About the title:
I started , a couple years ago, writing about something I was working on, and set the Blog Series concept aside, because it just wasn’t clicking in my feeble mind. Now, I have something that seems to fit the scheme.
I’m working, these last few days, on another Jacaranda bowl. I seem to be somewhat fixated on the Jacaranda for good reason. To wit: When I brought it home and cut it up, I sealed the ends with Parafin. This was a couple years ago. It seems, in the interim, to have seasoned quite nicely, without cracking, checking. or splitting. So, here’s where this journey through Wilson’s head begins, this time:
This is the other half of the log from which the previous piece was turned, and the wax is clearly visible on one end.
I’m rounding it up, envisioning a roundish bowl, with the bark left intact, without any delusions of a “hollow form with a lid,” or any such thing. Just a nice, small (4-1/2”D, or so), bowl. In the roughing, it begins looking pretty punky. I’m not worried about it – the last one was the same, and I got over it.
This is just an “Ordinary Bowl,” right? An “Ordinary Bowl-With-The-Bark-On-The-Sides” proposition. Right? So, it is.
I’m not worried about a thing. My tools, crappy though they be, are sharp enough; I’m not above doing a lot of sanding; this’ll be good. I got a notification in FB about my sister in Law’s birthday, so I start thinking that, mebees – just mebbees – I’ll finish this puppy up today and send it to her as a gift. Today, I start polishing. A note about polishing:
I recently came upon the knowledge that, contrary to my previous “knowledge,” rattle-can lacquer is legal to acquire, and available, in these parts. I’ve used it on the last couple pieces. This is a very good thing, because, as many of you know, it’s the wood that I love. Not what I can do to the wood, but, the wood itself. This Lacquer gives me an opportunity that I had, hitherto, been unaware of. That is, I can polish a piece to its best, naturally occurring, ability to shine, then, using the Lacquer, lock in that natural beauty, without the addition of anything else, be it oil, stain, or anything. (You cannot ”friction polish,” with shellac, or Shine Juice, over an uneven surface, such as bark.) I commenced polishing, thusly: .100; 150; 220; 320; 400; Micromesh through the nine levels that, roughly, equal 600 through 12,000. Here’s what that looks like, in general:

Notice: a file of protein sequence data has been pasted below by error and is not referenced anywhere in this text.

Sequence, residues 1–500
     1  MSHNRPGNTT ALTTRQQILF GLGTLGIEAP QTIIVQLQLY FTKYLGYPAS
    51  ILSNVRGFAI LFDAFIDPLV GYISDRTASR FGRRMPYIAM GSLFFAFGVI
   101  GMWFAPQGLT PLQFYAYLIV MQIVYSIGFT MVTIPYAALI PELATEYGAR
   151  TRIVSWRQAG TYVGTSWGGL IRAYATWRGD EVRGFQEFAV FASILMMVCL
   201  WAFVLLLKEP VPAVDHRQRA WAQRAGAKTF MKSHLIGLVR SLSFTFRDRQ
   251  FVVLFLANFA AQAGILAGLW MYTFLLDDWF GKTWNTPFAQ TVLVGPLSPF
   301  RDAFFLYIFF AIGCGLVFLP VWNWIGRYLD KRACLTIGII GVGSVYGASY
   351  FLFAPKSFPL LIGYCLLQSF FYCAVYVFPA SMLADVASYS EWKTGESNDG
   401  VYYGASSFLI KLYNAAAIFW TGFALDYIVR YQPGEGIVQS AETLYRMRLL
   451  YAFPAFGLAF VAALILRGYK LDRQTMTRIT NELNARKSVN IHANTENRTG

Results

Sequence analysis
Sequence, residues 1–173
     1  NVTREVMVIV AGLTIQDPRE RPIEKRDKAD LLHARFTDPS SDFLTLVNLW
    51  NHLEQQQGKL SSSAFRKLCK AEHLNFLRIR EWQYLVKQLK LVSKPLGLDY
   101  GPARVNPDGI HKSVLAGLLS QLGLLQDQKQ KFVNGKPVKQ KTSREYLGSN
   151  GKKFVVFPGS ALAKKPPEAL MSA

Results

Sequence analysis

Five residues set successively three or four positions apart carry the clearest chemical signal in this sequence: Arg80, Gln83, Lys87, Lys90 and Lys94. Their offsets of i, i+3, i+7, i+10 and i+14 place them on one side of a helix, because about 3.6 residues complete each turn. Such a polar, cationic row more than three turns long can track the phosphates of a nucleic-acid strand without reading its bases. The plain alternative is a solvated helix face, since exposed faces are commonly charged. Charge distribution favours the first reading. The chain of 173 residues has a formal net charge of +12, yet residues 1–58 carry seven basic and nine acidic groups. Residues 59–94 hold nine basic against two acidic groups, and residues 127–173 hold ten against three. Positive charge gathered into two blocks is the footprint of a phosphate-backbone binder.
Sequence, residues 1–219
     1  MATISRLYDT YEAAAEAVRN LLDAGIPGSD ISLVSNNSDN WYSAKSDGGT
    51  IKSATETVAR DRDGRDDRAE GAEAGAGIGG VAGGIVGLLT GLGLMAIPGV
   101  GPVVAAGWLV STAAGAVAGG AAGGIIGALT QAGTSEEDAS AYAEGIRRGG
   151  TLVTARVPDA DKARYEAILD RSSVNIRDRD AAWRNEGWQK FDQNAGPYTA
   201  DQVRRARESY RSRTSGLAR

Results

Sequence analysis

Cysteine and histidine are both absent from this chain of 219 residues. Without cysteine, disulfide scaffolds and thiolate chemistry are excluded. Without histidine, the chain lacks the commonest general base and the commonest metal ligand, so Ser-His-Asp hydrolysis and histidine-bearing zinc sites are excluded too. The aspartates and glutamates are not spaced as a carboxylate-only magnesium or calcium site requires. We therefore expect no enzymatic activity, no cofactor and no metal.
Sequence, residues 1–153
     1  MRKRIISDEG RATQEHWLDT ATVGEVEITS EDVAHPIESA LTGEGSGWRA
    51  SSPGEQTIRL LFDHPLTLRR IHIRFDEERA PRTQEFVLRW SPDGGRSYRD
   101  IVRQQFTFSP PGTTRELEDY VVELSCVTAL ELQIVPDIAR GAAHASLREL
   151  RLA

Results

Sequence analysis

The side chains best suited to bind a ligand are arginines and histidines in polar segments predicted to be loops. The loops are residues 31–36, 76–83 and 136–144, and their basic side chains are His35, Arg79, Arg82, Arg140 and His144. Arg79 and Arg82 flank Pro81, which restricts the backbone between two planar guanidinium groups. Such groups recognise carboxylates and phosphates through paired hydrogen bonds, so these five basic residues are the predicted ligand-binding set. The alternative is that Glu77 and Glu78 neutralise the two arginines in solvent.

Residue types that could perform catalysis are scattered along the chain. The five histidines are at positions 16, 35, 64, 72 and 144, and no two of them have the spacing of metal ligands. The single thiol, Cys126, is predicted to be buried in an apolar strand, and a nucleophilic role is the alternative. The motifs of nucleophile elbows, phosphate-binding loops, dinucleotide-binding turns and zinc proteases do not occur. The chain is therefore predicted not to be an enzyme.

Swell, huh? It’s sweller, by far, up close. I promise.
Now, I blow the Lacquer on it. Three coats, buffing between coats, with a bit of brown paper bag.
This is gorgeous, says VIMH (my harshest critic. A piece truly worthy of gifting.)
Encouraged, I think, I can finish this, today (being yesterday).
I turned it around and hogged it out. (There’s not much to see, here, but, trust me, the inside winds up almost a lovely as VIMH says the outside is. )
I mounted it in the Longworth Chuck, to complete the bottom.
This is where it gains acceptance into the “You’re too Young To Go Steady” milieu. “You’re too young to go steady” can be paraphrased as “You Don’t Know What You Don’t Know.”
As an artist, or indeed, as a human (IF one is introspective and thoughtful about it all), one knows, deep in his soul, that it’s a journey, after all. Innit? That is to say that, if you’re not going forward in your steps, you’re either standing still, or going bassackwards.
I turned the little foot on the bottom, scared to death of breaking through, polished it up, signed it, and began shaking the Lacquer can. I blew on the lacquer. VIMH says, THAT WAS A MISTAKE!
Nay, nay, say I. (This is where the aforementioned concept of “moving forward” crosses my silly mind.
I can work with this..
This doesn’t have to be a “failure.” This can be a “moving forward” moment.